President Donald Trump’s allegation at Tuesday’s debate that former Vice President Joe Biden’s policies while in office killed hundreds of thousands veterans rests on a five-year-old inspector general report that found widespread problems with Veterans Affairs record keeping but does not directly connect deaths to delayed care from department officials.
The report — compiled in the wake of the 2014 VA wait time scandal where numerous hospital administrators were found to cover up wait times at their medical centers — drew headlines at the time as another sign of incompetence and mismanagement at the embattled department.
On Tuesday, Trump charged that Biden’s actions while in office resulted in “308,000 military people dying because you couldn’t provide them proper healthcare in the military.” He later said that VA “was a mess under (Biden), 308,000 people died because they didn’t have proper health care.”
Candidates accuse each other of military insults, disrespect for troops in first presidential debate
The first debate between President Donald Trump and Vice President Joe Biden was held Tuesday in Ohio.
Biden disputed both allegations. Trump’s campaign team tweeted out news coverage of the 2015 report in support of the president’s attack just minutes after the debate remarks.
In the report, the VA Inspector General looked into reports of nearly 900,000 pending enrollment applications within the department’s health care system as of September 2014. However, investigators “could not reliably determine how many pending records existed as a result of applications for health care benefits.”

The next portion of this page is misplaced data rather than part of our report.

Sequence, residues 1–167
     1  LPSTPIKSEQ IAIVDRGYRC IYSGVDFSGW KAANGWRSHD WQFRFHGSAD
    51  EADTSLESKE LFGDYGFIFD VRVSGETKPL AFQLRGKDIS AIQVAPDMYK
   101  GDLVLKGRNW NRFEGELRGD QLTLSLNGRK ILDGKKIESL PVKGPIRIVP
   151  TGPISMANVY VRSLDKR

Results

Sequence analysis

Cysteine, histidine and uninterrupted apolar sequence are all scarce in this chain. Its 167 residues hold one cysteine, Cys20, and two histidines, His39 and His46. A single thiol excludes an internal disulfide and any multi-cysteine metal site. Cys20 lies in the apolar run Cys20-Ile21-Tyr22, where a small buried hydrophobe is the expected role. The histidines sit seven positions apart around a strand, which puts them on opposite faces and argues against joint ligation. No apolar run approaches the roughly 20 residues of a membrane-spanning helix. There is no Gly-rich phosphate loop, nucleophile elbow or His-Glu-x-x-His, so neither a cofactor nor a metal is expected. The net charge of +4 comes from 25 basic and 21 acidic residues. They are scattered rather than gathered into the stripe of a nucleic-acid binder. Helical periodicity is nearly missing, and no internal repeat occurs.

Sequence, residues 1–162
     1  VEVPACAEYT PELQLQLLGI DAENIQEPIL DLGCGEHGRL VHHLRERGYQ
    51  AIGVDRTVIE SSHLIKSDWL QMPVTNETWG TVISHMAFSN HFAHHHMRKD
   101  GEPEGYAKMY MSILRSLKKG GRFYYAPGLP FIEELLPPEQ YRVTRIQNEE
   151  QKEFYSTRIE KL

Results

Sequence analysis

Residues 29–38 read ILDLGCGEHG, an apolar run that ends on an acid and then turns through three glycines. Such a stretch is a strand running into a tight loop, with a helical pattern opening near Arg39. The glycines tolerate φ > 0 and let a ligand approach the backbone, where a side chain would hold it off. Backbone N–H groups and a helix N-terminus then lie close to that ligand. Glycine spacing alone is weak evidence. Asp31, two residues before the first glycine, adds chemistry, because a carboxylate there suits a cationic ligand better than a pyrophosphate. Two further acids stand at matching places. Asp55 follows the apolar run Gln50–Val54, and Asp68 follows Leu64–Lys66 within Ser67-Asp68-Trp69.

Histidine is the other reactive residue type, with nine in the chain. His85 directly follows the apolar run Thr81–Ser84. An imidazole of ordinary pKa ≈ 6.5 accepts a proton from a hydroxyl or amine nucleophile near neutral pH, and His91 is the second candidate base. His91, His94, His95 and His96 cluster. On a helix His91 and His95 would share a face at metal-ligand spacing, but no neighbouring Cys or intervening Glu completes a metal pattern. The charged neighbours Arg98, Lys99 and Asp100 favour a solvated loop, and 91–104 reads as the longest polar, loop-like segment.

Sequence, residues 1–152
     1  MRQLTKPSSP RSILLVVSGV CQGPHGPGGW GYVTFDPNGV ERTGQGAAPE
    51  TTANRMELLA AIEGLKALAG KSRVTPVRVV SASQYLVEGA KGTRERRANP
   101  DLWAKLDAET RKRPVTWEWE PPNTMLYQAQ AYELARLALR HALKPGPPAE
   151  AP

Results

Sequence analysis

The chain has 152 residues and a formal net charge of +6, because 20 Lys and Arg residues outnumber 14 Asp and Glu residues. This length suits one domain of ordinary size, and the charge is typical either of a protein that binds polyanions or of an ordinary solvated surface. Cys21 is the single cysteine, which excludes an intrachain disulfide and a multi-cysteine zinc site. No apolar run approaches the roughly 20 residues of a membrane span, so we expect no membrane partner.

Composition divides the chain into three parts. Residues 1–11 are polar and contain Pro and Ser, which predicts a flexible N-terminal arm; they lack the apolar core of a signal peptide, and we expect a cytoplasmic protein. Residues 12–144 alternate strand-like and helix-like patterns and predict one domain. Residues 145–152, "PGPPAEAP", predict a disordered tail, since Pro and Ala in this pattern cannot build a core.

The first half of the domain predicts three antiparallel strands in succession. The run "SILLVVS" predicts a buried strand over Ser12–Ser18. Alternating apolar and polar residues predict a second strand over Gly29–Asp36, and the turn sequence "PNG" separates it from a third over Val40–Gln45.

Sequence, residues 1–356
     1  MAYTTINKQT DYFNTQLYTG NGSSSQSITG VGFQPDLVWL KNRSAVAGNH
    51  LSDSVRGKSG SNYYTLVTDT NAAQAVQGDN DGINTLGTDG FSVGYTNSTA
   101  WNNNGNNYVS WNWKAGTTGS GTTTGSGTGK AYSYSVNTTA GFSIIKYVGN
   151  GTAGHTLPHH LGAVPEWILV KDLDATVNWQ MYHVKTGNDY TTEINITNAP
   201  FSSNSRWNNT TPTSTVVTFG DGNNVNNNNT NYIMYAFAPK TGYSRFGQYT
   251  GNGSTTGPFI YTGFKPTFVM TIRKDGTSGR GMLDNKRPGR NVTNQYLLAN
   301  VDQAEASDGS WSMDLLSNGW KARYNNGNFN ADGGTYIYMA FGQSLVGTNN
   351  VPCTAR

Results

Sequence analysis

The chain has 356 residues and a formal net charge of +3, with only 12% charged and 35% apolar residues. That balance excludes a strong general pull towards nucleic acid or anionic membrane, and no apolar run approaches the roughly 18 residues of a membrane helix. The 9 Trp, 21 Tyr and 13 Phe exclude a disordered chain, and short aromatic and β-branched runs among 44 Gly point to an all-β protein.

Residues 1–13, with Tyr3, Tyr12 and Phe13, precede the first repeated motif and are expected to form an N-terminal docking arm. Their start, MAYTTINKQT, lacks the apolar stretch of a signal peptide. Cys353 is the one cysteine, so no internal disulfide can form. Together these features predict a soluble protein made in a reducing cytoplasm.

That’s because some records were imported from earlier department records systems, while others involved individuals who may have received appointments but not recorded properly in the system.
In one case, a veteran who died in 1988 was listed as awaiting enrollment approval until January 2015. In another, a non-veteran who received emergency care at a VA hospital was listed as awaiting enrollment approval for 15 years, even though the patient was never eligible to enroll.
Investigators found that at the time of the report, more than 307,000 pending enrollment records were for individuals already reported deceased by the Social Security Administration.
“However, due to the data weaknesses identified in (the investigation), we cannot determine specifically how many pending Enrollment System records represent veterans who applied for health care benefits or when they may have applied,” the report states.
In response to questions from MOAA, the president vowed to continue his military rebuild while the former vice president pushed for more restrained defense spending.
For example, one veteran in that group who appeared to have died waiting for care was shown applying for VA enrollment for the first time in 2009, and failing to receive any help for the next five years. However, the patient actually died in 1993.
Investigators blasted VA’s records systems at the time as “generally unreliable for monitoring, reporting on the status of health care enrollments, and making decisions regarding overall processing timeliness.” In response, VA officials promised to overhaul their records systems and put in place better enrollment oversight procedures.
Trump’s administration has begun even more expansive reforms to the VA’s electronic health records, launching a $16-billion, decade-long effort in 2017 to connect military medical records with the VA system and provide seamless digital files throughout servicemembers lives.
The 2015 report is available on the VA Inspector General’s web site.